Upon my return to Mount Gambier I asked my senior bio-medical technician, a man with exceptional skills as an instrument maker and miniature engineer, if he would go to Mendi to help repair the bio-medical equipment. He agreed.

I asked him to call in every favour ever owed to us by the manufacturers and retailers of bio-medical equipment used by the hospital. Also, I asked him to contact every colleague in SA to try to source whatever obsolete, redundant or spare piece of equipment he could lay his hands on.

He subsequently spent 6 weeks in Mendi during which time, with access to two huge crates of equipment sent from Mount Gambier, he and the local technician repaired every piece of equipment in the hospital. This was very well received.

I also organised a staff exchange, whereby two senior nurses from Mendi came to Mount Gambier for 6 weeks to learn as much as they could about how we did things, especially in relation of accident and emergency services. We organised local accommodation and meals for them, while Mendi paid their airfares.

Unhappily, I was unable to maintain the relationship because my Board bulked at the costs involved. We were under tremendous budget pressure then and they felt that we could not (politically) justify spending many thousands of dollars on a remote hospital in PNG.

Rather more happily, my senior bio-medical technician's efforts had not gone unnoticed by AusAid. They paid for him to spend about 3 months each year travelling around the Pacific fixing stuff. I cannot recall how long he did this for, but it was several years at least.

Now, 20 years later, nothing much seems to have changed. A former colleague is now in Mount Hagen and he believes that most hospital staff are doing their best with little or no support from a government which is either unwilling or unable to support them.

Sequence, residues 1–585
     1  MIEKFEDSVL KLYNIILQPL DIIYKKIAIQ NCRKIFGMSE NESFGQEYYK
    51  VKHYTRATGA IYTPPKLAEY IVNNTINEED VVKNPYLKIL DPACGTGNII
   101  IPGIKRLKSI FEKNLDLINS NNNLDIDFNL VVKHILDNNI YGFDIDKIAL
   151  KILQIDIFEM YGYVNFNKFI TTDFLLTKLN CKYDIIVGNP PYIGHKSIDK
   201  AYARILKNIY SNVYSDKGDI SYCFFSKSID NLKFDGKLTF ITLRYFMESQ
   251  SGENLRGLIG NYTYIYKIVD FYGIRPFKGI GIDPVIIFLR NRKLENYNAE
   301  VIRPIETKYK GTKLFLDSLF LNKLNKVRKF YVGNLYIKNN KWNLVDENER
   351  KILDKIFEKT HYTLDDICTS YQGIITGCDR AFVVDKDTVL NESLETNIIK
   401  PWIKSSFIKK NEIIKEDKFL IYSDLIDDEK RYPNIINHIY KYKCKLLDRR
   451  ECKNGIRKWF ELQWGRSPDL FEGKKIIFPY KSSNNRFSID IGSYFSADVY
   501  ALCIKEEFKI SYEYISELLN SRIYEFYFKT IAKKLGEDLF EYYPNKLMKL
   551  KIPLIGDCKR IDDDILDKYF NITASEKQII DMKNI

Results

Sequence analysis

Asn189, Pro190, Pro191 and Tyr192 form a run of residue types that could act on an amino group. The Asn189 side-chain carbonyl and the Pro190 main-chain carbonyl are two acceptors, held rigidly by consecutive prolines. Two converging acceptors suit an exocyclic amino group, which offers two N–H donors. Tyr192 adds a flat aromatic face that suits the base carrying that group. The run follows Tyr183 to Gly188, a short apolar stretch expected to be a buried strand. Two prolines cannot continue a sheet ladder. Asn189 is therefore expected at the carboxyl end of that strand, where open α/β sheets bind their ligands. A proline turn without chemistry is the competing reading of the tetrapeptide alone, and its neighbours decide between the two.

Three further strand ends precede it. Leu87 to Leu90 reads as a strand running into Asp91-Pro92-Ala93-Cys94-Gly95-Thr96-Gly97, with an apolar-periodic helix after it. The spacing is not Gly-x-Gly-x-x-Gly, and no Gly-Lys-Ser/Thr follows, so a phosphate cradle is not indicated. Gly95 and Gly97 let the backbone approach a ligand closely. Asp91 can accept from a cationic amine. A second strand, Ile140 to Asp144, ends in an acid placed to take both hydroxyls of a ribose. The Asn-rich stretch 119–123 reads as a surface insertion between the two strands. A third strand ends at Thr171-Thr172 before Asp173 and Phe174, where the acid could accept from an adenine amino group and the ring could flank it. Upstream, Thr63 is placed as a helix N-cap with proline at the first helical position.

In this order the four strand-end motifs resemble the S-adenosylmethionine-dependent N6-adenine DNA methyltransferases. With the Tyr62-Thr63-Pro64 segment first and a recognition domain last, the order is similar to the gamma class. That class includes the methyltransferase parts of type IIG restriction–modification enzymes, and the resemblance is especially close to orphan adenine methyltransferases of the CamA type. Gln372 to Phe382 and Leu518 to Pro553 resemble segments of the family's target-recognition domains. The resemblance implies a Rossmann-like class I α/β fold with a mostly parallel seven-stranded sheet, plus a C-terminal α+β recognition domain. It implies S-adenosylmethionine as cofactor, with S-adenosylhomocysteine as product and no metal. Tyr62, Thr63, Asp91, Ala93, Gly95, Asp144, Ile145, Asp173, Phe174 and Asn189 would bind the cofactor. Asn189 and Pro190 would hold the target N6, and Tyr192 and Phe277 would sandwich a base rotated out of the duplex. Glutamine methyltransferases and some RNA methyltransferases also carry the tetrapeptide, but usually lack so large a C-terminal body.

The PNG government is a disgrace to its nation. It routinely betrays its people through incompetence or corruption or indifference.

It is beyond belief that the desperately under resourced colonial administration was more able to deliver basic health, education and transport services than the PNG government has shown itself over the past several decades.

The same can be said for the maintenance of law and order. A mere handful of Patrol Officers and members of the RPNGC carried out this task, mostly without resort to heavy handed tactics or violence.

It wasn't perfect, but it did work, mainly because the people accepted that they received fair treatment most of the time, even if they didn't like the outcomes that much.

Surely there is someone, somewhere, whether in the government or in the ranks of the PNG public service who can do something about this deplorable state of affairs?

It is not hard to foresee a very grim future for PNG if the current state of affairs is allowed to persist.

This is painful to contemplate for those of us lapuns who once believed that the country could and should have a shining future.

William Dunlop

A new procurement system, will no doubt equate to a new addition to PNG's Crookologist's Fraternity.